4 Most Important Strategic Marketing Steps

In this post, I will outline the most important steps in creating your marketing strategy. This checklist enables you to create a successful marketing plan.

In this post, I will outline the most important steps in creating your marketing strategy. If you start with this checklist, the rest of your marketing strategy will fall into place more easily.

Marketing Step 1: Who am I?

The first and foremost thing to do is to define your company. This includes the type of the company (a start up, a small local business, a medium-sized company, etc.) and the line of business you are in (banking, catering, consulting services, retail, etc.). Also, think about your branding strategy, i.e. how you want your customers to perceive you. You can use different brand-building models. One very well known model is brand identity prism. At this point, you do not have to worry about brand appearance (logos, colors, etc.). Instead, you can ask yourself the following questions:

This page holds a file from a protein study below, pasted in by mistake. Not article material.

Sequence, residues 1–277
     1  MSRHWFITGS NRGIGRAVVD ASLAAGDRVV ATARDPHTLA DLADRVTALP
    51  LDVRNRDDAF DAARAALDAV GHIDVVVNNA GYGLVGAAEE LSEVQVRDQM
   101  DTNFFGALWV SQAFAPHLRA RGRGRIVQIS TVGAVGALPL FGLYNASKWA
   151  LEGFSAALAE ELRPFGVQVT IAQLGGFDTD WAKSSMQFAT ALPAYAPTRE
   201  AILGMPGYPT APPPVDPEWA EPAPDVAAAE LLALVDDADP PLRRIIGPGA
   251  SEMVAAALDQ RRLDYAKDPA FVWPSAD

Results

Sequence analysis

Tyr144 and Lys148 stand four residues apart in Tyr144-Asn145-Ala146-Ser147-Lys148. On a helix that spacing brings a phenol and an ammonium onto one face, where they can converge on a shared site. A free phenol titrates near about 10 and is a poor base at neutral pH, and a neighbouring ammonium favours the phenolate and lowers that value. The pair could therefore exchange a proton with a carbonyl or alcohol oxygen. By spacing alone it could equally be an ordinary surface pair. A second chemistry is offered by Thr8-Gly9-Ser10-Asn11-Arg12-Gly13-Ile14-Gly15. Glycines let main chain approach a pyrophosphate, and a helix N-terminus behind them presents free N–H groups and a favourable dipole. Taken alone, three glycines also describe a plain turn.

• What does my company (brand) do?
  • What impression do I want to make as a company (brand)?
  • What is the personality of my company (brand)?
  • What relationship does my company (brand) have to the customer?
  • What kind of people are my customers?
  • What are my company (brand) values and principles?

For example: Tuscolo is a small local chain of Italian restaurants that serves real Italian food in a friendly and familiar atmosphere. It incorporates tradition and creates authentic Italian experience through its interior, service and food presentation. It caters for families, couples and groups of friends and colleagues who want to enjoy good food in a relaxed setting.

Marketing Step 2: What is my offering?

Decide, what products and/or services you are going to offer. Do not think in terms of what you can possibly offer. This will produce difficulty in creating a well-defined product portfolio and diminish any marketing efforts.